White House asks businesses to tighten defenses before the holidays
Image: Nathan Dumlao
Martin Matishak December 16, 2021

White House asks businesses to tighten defenses before the holidays

Martin Matishak

December 16, 2021

White House asks businesses to tighten defenses before the holidays

The Biden administration’s top cyber officials on Thursday urged private sector executives to boost their cyber defenses against potential hackers ahead of the coming holidays.

“Unfortunately, malicious cyber actors are not taking a holiday — and they can ruin ours if we’re not prepared and protected,” deputy national security adviser Anne Neuberger and National Cyber Director Chris Inglis wrote in a letter released by the White House.

“Historically we have seen breaches around national holidays because criminals know that security operations centers are often short-staffed, delaying the discovery of intrusions,” they added.

The White House has issued similar warnings earlier this year before other major holidays. The three largest ransomware attacks of 2021 — against the Colonial Pipeline, meat processor JBS and software company Kaseya — all took place during holiday weekends.

The latest caution comes as both public and private entities scramble to determine the scope of the recently uncovered security flaw in Log4j software.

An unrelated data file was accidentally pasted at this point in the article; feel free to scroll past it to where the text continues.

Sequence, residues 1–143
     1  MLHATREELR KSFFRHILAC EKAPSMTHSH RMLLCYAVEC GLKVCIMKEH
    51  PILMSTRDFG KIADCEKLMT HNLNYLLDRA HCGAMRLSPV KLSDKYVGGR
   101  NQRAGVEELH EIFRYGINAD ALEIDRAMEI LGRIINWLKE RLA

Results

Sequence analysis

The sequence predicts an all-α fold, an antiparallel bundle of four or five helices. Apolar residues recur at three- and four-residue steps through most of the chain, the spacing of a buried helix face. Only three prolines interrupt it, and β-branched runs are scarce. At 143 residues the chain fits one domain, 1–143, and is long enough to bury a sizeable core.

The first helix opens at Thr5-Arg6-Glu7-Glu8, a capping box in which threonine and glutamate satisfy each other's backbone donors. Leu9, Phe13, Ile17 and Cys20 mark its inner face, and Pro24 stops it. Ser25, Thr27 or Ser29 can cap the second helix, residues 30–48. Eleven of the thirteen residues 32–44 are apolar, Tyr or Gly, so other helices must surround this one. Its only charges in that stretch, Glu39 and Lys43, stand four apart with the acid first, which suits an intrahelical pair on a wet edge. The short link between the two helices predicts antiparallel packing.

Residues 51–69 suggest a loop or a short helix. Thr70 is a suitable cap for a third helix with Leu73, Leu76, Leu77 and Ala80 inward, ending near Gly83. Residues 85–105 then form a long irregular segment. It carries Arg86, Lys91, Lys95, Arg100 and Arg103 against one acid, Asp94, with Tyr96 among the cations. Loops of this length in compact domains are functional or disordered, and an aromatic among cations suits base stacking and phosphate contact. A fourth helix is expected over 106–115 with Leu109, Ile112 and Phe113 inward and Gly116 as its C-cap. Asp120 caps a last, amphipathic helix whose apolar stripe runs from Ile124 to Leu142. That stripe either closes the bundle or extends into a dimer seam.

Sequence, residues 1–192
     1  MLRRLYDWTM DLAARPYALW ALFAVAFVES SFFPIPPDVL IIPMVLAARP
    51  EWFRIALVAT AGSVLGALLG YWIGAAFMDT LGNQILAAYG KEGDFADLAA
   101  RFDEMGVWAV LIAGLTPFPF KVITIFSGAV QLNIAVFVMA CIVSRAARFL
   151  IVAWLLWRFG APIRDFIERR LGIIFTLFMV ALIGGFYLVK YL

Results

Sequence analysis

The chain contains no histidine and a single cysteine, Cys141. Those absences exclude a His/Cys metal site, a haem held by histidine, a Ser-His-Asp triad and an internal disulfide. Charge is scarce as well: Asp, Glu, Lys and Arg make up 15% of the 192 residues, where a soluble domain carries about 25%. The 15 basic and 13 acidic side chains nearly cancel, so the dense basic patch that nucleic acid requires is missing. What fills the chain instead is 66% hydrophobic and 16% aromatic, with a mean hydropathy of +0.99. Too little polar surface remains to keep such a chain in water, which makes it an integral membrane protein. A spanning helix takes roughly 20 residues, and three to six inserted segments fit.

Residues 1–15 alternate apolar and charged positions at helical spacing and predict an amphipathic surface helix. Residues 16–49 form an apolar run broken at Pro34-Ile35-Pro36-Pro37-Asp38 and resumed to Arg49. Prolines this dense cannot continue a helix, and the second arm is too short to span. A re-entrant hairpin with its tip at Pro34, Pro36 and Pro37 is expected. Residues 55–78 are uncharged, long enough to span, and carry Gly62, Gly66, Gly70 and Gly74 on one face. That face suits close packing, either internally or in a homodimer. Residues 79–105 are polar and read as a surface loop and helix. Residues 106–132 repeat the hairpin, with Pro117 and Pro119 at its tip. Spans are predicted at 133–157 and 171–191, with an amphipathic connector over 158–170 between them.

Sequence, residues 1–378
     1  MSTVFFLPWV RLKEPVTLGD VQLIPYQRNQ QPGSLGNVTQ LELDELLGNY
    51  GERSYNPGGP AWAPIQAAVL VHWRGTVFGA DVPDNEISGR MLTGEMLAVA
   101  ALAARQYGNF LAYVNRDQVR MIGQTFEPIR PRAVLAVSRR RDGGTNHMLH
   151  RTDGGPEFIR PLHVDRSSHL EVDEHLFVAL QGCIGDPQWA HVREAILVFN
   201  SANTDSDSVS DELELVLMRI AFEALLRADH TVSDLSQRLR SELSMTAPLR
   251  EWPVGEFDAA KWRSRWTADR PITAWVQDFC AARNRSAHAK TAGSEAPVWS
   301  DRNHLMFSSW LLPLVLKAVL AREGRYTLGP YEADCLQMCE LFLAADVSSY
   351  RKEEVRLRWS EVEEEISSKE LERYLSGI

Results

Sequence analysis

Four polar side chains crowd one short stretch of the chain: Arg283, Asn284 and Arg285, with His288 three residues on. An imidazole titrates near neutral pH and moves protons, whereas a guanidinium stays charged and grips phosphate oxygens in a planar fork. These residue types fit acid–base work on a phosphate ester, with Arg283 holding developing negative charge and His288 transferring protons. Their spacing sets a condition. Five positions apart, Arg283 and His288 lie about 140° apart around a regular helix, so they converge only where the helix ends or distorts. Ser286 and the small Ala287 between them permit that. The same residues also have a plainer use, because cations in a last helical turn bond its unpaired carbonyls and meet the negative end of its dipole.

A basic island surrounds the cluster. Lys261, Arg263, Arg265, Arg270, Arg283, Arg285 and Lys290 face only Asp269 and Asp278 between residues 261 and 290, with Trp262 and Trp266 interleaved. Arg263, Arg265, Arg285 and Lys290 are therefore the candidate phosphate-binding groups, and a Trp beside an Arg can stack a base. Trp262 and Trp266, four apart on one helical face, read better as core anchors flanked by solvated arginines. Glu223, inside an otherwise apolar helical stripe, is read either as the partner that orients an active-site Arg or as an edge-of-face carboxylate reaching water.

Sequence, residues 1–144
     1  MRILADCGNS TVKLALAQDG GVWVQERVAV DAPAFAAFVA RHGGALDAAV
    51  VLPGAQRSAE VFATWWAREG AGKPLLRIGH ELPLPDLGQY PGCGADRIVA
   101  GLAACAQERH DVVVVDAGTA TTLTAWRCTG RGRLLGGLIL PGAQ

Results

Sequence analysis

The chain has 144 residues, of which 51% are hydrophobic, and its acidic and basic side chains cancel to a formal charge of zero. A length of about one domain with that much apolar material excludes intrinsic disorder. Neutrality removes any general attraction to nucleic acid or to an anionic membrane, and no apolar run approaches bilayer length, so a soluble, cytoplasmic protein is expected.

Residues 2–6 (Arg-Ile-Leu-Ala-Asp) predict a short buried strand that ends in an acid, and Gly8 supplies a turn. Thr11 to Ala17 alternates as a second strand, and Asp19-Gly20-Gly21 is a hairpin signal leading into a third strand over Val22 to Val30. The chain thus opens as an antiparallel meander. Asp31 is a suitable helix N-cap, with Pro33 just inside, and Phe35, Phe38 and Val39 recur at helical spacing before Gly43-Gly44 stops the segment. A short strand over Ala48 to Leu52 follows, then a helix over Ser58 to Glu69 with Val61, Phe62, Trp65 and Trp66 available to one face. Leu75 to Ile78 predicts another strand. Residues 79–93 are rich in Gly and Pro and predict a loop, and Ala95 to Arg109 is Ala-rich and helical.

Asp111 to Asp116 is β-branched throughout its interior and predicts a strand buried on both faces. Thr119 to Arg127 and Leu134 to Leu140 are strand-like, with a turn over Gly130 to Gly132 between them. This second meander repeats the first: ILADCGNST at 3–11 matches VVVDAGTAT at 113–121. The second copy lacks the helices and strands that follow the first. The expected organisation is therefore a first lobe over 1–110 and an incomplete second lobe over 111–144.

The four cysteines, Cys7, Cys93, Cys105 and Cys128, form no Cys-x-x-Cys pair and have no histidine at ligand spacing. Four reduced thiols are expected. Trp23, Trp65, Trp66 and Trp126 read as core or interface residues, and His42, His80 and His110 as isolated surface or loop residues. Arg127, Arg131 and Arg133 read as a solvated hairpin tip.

On Wednesday, tech giant Microsoft announced that hacking groups from China, Iran, North Korea and Turkey are exploiting the vulnerability that could potentially impact tens of millions of devices worldwide.

In their letter, Neuberger and Inglis urged companies to, among other things, back up their data, update their systems and rehearse their cyber incident response plans now.

“Beyond the holidays, though, we’ve experienced numerous recent events that highlight the strategic risks we all face because of the fragility of digital infrastructure and the ever- present threat of those who would use it for malicious purposes,” they wrote.

Martin is a senior cybersecurity reporter for The Record. He spent the last five years at Politico, where he covered Congress, the Pentagon and the U.S. intelligence community and was a driving force behind the publication's cybersecurity newsletter.